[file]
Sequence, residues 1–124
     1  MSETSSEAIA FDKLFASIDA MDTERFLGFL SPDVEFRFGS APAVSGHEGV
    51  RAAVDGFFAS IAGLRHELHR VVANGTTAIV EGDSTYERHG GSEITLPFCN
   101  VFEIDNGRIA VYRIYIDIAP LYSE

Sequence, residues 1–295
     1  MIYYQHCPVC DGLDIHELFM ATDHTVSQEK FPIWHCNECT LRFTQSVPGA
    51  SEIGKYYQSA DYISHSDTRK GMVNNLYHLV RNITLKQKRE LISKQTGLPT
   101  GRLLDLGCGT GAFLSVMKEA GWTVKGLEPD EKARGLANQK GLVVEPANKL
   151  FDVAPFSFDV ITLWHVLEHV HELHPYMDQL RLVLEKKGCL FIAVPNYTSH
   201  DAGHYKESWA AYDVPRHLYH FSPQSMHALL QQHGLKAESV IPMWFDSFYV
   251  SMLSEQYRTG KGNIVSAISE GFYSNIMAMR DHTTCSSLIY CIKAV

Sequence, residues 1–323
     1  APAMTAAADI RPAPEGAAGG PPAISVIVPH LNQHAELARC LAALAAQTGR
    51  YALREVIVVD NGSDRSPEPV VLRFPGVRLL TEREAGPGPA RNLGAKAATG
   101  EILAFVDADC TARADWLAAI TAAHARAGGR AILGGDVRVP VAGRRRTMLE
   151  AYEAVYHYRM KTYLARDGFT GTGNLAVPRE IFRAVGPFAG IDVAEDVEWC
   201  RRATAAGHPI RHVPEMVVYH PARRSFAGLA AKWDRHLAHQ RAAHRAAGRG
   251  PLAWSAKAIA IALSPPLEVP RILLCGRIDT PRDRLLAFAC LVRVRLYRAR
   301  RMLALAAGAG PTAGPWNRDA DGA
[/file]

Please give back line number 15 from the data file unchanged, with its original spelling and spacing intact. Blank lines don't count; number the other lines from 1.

   101  EILAFVDADC TARADWLAAI TAAHARAGGR AILGGDVRVP VAGRRRTMLE